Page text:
If you walk through the courtyard, under the arch on to Horse Guards Parade, then the Household Cavalry Museum is on your right, and as you’d expect, explains the history of the regiment. The museum is actually housed inside the stables and a nice touch is that they inserted a glazed partition so you can watch a sort of behind the scenes of the Queen’s Life Guard either preparing for their hour long shift, or returning.
Horse Guards Parade
A ceremonial parade ground where on the Queen’s official birthday (she has two), she inspects her troops at ‘Trooping the Colour’. It also hosted the beach volleyball during the 2012 London Olympics. You get a nice view across to St James’s Park, the back wall of Downing Street to your left and the Grade I listed 18th century Admiralty House to your right, juxtaposed against a concrete block of a building called ‘the Citadel’ which was actually built at the start of WWII as a top secret bunker.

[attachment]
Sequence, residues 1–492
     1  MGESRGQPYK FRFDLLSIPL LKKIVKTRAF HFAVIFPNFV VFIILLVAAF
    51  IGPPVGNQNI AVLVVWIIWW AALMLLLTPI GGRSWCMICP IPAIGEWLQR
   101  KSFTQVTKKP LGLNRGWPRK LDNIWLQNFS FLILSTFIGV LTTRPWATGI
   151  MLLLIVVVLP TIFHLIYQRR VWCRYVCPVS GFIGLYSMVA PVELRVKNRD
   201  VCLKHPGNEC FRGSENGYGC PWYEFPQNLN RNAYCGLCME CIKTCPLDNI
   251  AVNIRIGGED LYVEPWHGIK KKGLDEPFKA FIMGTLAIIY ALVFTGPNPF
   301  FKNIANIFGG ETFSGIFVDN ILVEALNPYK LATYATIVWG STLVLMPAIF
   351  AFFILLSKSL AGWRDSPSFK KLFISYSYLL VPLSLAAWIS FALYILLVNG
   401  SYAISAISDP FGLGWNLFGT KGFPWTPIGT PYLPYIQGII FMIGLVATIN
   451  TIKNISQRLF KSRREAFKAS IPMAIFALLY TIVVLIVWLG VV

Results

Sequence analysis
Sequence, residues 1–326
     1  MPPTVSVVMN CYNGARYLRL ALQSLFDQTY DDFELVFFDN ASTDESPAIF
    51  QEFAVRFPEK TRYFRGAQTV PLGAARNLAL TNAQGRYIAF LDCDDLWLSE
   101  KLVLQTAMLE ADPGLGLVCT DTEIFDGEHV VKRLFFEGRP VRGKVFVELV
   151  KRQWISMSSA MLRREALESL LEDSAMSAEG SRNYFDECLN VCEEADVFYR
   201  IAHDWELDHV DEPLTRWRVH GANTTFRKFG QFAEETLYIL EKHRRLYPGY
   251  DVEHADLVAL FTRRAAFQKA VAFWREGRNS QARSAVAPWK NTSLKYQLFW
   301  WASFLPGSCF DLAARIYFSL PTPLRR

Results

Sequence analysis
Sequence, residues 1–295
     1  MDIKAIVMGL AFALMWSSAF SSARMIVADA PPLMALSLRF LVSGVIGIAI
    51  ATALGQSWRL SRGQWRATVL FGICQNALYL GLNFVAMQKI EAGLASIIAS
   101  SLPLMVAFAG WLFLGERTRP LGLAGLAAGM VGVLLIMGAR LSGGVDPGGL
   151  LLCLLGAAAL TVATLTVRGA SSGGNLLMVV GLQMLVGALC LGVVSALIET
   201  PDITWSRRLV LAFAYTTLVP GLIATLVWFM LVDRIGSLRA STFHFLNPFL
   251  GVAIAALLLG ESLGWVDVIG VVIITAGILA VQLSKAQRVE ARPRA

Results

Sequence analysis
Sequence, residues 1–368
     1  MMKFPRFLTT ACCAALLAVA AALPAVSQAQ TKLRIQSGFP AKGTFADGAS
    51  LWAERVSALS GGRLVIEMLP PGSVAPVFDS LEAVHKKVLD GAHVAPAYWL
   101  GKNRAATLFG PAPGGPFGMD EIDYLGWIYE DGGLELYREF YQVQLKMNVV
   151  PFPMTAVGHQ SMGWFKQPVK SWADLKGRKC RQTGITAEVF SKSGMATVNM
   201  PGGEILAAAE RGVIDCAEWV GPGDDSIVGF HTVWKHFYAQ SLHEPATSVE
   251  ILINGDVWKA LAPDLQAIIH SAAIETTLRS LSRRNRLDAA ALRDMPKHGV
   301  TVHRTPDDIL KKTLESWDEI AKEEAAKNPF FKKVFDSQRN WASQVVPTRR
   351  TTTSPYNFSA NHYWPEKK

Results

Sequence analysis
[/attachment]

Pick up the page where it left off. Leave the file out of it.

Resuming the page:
On the opposite side of Whitehall to Horse Guards is Banqueting House, a large colonnaded building which was built in 1622 and is the only surviving part of the old Whitehall Palace. It was where King Charles I had his head chopped off in 1649 and if you go in (which you can for a small fee) the entire ceiling (or at least a canvas made to look like the ceiling) was painted by Flemish artist and diplomat Peter Paul Rubens in 1636.
Women of World War II memorial
Due to the presence of the MOD and the Old War Office building, Whitehall has its fair share of ‘dead white men’ statues, so rather than mention all of those, thought I’d bring to your attention my favourite; the Women of World War II memorial, which stands over 20ft tall and is adorned by a large number of uniforms worn by women in various roles (mostly previously occupied by men) during WWII. It was only unveiled in 2005 and I think its really simple, evocative and poignant.